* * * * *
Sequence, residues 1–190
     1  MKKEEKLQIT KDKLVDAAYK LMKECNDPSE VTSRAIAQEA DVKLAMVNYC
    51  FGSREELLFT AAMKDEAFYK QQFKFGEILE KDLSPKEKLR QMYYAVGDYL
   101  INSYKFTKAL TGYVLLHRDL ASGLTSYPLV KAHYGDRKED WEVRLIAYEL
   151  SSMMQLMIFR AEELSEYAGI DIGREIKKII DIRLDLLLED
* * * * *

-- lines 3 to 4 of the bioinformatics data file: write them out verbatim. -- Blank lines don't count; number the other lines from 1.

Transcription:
    51  FGSREELLFT AAMKDEAFYK QQFKFGEILE KDLSPKEKLR QMYYAVGDYL
   101  INSYKFTKAL TGYVLLHRDL ASGLTSYPLV KAHYGDRKED WEVRLIAYEL